The Human Agenda

I think I mentioned last week that I'm currently working my way through the book Drawdown again. Partly because I have a memory like a sieve - how on earth am I supposed to remember anything I read two years ago?? - and partly because it keeps me feeling hopeful about Earth's prospects as opposed to utterly despairing for our future. Before I start diving into each of the potential solutions the book offers up, I wanted to ramble a bit about a few points the book raises first.

Paul Hawken, the creator of Project Drawdown, writes in his introduction to the book that we should see global warming "not as an inevitability but as an invitation to build, innovate, and effect change, a pathway that awakens creativity, compassion, and genius. This is not a liberal agenda, nor is it a conservative one. This is the human agenda."

To me, that seems perfectly obvious. I truly don't understand how certain issues become partisan issues rather than 'this affects EVERYONE' issues. It's a bit like wearing masks in the USA... Covid-19 does not give a hoot if you're a Republican or a Democrat. Just wear a mask to protect your neighbour - it's basic civility. How can you make this a political issue when it's just a public health issue?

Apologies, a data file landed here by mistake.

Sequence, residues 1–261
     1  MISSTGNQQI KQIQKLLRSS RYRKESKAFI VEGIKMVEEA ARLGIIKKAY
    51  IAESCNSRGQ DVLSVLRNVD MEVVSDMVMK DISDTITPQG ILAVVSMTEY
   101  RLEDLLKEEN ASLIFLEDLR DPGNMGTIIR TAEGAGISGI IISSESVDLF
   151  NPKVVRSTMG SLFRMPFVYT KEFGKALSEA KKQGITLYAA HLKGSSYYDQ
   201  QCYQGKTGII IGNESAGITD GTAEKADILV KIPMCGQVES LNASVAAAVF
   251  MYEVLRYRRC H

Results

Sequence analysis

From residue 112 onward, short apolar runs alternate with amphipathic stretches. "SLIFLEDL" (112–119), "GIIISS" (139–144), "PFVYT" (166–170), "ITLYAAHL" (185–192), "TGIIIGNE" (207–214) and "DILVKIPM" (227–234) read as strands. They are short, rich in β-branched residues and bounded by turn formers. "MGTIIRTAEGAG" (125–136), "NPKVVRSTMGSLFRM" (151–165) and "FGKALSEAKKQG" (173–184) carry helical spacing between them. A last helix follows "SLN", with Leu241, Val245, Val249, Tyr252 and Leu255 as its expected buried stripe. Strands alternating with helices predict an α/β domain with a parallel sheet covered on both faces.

It's the same with global warming. Again, your political views should have nothing to do with something that affects all of us. The approach to global warming seems like it should fall under Risk Management 101. What's the worst that can happen if we deny global warming? The end of the human race. What's the worst that can happen if we clean up our act and try to stop global warming? A cleaner, healthier world for everyone living on the planet. WHY IS THIS A HARD CHOICE?? Why wouldn't we do everything in our power to protect this gorgeous planet?

I realise that if you're on this website reading this post, I'm essentially preaching to the choir, but sometimes a bit of a vent is necessary. However, moving on!

The first issue that Drawdown addresses is that of language. One of the points Hawken raises that I find interesting is the rhetoric about climate change. We often use military language when discussing this issue - the war on carbon, the fight against global warming, slashing emissions. Hawken says that this language implies that "climate change is the enemy and it needs to be slain." But the climate has always changed and always will. The problem is how we are changing the climate negatively through our behaviour.

As Hawken writes, "The only goal that makes sense for humanity is to reverse global warming, and if parents, scientists, young people, leaders, and we citizens do not name the goal, there is little chance it will be achieved." Hence the term drawdown - "the point in time at which greenhouse gases peak and begin to decline on a year-to-year basis."

I find it comforting that someone has gone to the trouble of putting together a list of 100 ways we can achieve drawdown. While I do worry about humanity's ability to come together and implement these solutions - see above point about us not even being able to wear a mask to help each other out - this list of actions that are proven to bring us closer to drawdown gives me hope.

As Hawken says, it may feel like it's game over, but it's actually game on.

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